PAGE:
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Drinking While Pregnant Still a Problem

Alcohol use during pregnancy can cause birth defects and developmental disabilities. Women who are pregnant or might get pregnant should abstain from using alcohol.

Chart: Alcohol Use Among Women 18-44, 1991-2005The number of women who drink alcohol while pregnant has not changed substantially over time, according to a 15 year-study by the Centers for Disease Control and Prevention. Approximately 1 in 8 women drank alcohol while pregnant, the study says.

Alcohol consumption during pregnancy is a risk factor for poor birth outcomes including fetal alcohol syndrome, birth defects, and low birth weight (1). In the United States, the prevalence of fetal alcohol syndrome is estimated at 0.5 to 2.0 cases per 1,000 births, but other fetal alcohol spectrum disorders (FASDs)* are believed to occur approximately three times as often as fetal alcohol syndrome (2). The 2005 U.S. Surgeon General's advisory on alcohol use in pregnancy, advises women who are pregnant or considering becoming pregnant to abstain from using alcohol (2). Binge drinking is particularly harmful to fetal brain development (2,3). To examine the prevalence of any alcohol use and binge drinking among pregnant and nonpregnant women of childbearing age in the United States and to characterize the women with these alcohol use behaviors, CDC analyzed 1991–2005 data from Behavioral Risk Factor Surveillance System (BRFSS) surveys.

The findings indicated that the prevalence of any alcohol use and binge drinking among pregnant and nonpregnant women of childbearing age was little changed from 1991 to 2005. By sociodemographic characteristic, during 2001–2005, the highest percentages of pregnant women reporting any alcohol use were aged 35–44 years (17.7%), college graduates (14.4%), employed (13.7%), and unmarried (13.4%). Health-care providers should routinely ask women of childbearing age about alcohol use, inform them of the risks of drinking alcohol while pregnant, and advise them not to drink alcohol while pregnant or if they might become pregnant (2,4).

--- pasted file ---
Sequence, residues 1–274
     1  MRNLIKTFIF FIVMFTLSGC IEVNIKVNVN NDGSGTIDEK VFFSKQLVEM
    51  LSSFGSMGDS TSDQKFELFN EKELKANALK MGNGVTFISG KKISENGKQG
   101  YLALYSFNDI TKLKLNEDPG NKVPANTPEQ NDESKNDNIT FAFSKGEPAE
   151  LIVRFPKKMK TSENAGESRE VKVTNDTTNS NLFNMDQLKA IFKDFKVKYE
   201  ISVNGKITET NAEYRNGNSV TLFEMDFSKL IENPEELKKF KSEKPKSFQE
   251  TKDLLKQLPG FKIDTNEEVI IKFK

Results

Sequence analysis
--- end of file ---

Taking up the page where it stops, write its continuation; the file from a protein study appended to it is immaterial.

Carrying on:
*FASD is an umbrella term that describes the range of effects that can occur in an individual whose mother drank alcohol during pregnancy. These effects include physical, mental, behavioral, or learning disabilities with possible lifelong implications. The term FASD is not intended for use as a clinical diagnosis.

‡Any alcohol use is defined as having at least one drink of any alcoholic beverage in the past 30 days. Binge drinking is defined as having five or more drinks on at least one occasion in the past 30 days.

  1. Bailey BA, Sokol RJ. Pregnancy and alcohol use: evidence and recommendations for prenatal care. Clin Obstet Gynecol 2008;51:436–44.
  2. US Department of Health and Human Services. US Surgeon General releases advisory on alcohol use in pregnancy. Washington, DC: US Department of Health and Human Services; 2005. Available at http://www.surgeongeneral.gov/pressreleases/sg02222005.html.
  3. Maier SE, West JR. Drinking patterns and alcohol-related birth defects. Alcohol Res Health. 2001;25:168–74.
  4. US Department of Health and Human Services and US Department of Agriculture. Dietary guidelines for Americans 2005. Washington, DC: US Department of Health and Human Services; 2005. Available at http://www.health.gov/dietaryguidelines/dga2005/document/default.htm.

Data Source: CDC. Alcohol Use Among Pregnant and Nonpregnant Women of Childbearing Age --- United States, 1991--2005. MMWR 58(19);529-532.

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  • Page last updated: September 13, 2011
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